Insurance Industry Says It Might Not Cover Future Terrorist Attacks

Representatives from the insurance industry testify in California that despite their quick response to Sept. 11, they might not be able to cover the cost of future terrorist attacks.

The insurance industry has been quick to respond to the Sept. 11 terrorist attacks in New York, Washington, D.C., and Pennsylvania, but the victims of any future attacks might not be so lucky, representatives of the insurance industry yesterday told members of the California Assembly Insurance Committee. The committee members wanted to know what the industry''s response would be if a terrorist attack like the ones in New York or Washington occurred in California.

Insurance representatives noted that the Sept. 11 attack was unique in several ways: It was the largest insured loss from a man-made disaster and it deeply impacted all lines of coverage - including property and casualty, workers'' compensation and life insurance.

"Despite personal losses, the insurance industry responded immediately to the attack by dispatching hundreds of personnel to Ground Zero," noted Diane Colborn, vice president of legislative and regulatory affairs for the Personal Insurance Federation of California.

"Insurers were processing and paying claims on day one and will continue to assist policyholders as long as necessary from their catastrophe vans in Battery Park,'''' Colborn added.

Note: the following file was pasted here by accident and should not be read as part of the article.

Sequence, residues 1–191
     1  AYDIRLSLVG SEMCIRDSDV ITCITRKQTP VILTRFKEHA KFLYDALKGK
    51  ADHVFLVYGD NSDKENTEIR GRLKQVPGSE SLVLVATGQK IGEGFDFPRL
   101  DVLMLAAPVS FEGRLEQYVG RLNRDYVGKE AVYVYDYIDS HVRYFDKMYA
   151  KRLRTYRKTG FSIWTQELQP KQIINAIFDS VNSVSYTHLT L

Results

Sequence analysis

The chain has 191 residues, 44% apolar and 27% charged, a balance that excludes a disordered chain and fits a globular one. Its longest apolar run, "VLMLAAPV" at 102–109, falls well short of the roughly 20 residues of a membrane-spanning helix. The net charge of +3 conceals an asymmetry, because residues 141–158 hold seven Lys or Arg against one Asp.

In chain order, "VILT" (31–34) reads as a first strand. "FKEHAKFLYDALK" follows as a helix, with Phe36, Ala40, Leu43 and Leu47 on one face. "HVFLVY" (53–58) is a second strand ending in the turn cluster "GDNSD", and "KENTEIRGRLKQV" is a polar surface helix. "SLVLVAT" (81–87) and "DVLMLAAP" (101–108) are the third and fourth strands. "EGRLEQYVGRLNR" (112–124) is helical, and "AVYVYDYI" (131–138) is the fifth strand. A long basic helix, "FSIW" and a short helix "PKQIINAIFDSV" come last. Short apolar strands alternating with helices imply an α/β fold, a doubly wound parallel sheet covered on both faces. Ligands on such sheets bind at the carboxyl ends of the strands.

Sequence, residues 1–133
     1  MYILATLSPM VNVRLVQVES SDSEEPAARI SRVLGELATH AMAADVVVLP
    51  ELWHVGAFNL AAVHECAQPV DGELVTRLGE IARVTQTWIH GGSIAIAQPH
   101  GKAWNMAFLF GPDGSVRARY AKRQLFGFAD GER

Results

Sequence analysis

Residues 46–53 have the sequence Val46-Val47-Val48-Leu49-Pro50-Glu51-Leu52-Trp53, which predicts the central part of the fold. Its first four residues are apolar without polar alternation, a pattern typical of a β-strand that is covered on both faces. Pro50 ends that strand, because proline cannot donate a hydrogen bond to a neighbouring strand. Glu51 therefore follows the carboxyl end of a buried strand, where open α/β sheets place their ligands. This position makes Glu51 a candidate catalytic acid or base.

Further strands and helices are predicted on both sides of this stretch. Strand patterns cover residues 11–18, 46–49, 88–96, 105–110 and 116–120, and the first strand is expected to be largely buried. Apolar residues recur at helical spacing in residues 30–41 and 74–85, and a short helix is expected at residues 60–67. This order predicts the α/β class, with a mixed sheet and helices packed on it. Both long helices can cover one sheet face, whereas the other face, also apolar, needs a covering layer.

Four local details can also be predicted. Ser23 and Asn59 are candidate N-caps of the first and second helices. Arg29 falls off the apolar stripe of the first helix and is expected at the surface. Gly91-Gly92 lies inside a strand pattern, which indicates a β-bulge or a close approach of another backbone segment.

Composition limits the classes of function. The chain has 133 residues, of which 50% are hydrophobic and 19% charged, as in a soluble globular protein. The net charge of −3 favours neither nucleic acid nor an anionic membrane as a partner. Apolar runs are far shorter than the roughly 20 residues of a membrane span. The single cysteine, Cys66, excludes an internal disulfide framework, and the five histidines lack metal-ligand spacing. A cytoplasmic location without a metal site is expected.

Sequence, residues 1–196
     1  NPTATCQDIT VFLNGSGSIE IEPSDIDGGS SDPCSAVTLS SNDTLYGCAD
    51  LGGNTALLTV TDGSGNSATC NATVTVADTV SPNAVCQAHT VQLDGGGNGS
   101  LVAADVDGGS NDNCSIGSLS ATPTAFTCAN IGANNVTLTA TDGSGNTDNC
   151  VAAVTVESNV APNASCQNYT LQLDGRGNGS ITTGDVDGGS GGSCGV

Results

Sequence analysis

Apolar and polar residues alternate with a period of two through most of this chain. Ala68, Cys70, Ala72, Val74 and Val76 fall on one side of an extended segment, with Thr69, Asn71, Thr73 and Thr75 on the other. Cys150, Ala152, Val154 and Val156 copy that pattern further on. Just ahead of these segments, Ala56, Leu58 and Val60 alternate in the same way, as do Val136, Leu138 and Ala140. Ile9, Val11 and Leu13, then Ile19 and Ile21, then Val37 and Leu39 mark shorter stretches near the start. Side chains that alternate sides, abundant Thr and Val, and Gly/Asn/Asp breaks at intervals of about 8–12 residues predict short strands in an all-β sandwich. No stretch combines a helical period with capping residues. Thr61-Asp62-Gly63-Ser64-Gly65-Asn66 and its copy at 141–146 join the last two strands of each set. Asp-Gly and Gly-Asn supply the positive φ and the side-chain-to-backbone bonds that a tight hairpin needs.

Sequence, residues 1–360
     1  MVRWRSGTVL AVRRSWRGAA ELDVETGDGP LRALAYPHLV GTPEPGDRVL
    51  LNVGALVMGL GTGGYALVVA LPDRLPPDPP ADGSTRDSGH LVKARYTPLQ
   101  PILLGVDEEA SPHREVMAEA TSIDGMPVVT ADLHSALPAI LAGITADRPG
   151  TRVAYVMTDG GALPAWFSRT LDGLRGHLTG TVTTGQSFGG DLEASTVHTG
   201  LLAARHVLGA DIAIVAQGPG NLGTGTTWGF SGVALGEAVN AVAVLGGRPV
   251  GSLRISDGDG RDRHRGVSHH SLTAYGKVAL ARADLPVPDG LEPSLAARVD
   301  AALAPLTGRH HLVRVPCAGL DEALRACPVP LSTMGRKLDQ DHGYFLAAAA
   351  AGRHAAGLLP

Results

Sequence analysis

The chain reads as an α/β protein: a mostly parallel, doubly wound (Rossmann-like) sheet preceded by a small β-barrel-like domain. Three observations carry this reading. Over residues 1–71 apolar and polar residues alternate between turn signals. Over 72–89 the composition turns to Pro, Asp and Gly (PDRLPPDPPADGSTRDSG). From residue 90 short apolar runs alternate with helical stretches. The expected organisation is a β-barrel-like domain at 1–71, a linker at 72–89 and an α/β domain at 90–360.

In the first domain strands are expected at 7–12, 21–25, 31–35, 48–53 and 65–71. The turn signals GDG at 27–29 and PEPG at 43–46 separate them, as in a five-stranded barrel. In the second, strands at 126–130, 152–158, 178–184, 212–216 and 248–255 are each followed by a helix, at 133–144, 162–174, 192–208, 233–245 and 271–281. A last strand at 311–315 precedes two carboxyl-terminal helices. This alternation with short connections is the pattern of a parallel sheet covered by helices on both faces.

She said that insurers are processing more than 19,000 claims so far and that the number of claims is growing daily. She estimates that the total insured losses could reach a staggering $30 to $70 billion.

"As the country moves forward we must plan and prepare for future terrorist attacks," said Mark Webb, American Insurance Association (AIA) state affairs vice president. "Reinsurers and primary insurers are no longer able to offer coverage for terrorism. Businesses in Visalia and Chicago are all potentially at risk for terrorism."

Insurers cannot absorb this infinite risk with their finite resources, Webb told lawmakers, adding, "The industry cannot accurately predict loss, plan reserves or price their product. It is vital that Congress enact a federal mechanism to restore predictability and give insurers the tools necessary to return to the terrorism insurance market."

The attacks on September 11 "[were] the largest disaster in history for life and workers'' compensation insurers," said Janine Gibford, legislative advocate for the Association of California Insurance Companies. She noted the risk associated with Sept. 11 was spread across all lines and several companies and no one entity took the brunt of the losses. The industry is well capitalized, she said, and will be able to "quickly and fully" meet the needs of policyholders.

"No insurance company has invoked exclusions for war or acts of terrorism. The financial questions facing the industry are about future claims, not claims resulting from Sept. 11," Gibford noted.

by Sandy Smith ([email protected])

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